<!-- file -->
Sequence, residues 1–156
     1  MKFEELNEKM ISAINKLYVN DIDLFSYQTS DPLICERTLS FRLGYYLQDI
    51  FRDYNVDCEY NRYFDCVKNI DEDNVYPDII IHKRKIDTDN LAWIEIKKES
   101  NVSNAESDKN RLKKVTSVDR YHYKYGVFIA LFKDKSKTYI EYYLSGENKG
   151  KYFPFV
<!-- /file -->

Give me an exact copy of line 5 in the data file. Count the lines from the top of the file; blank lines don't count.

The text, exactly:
   151  KYFPFV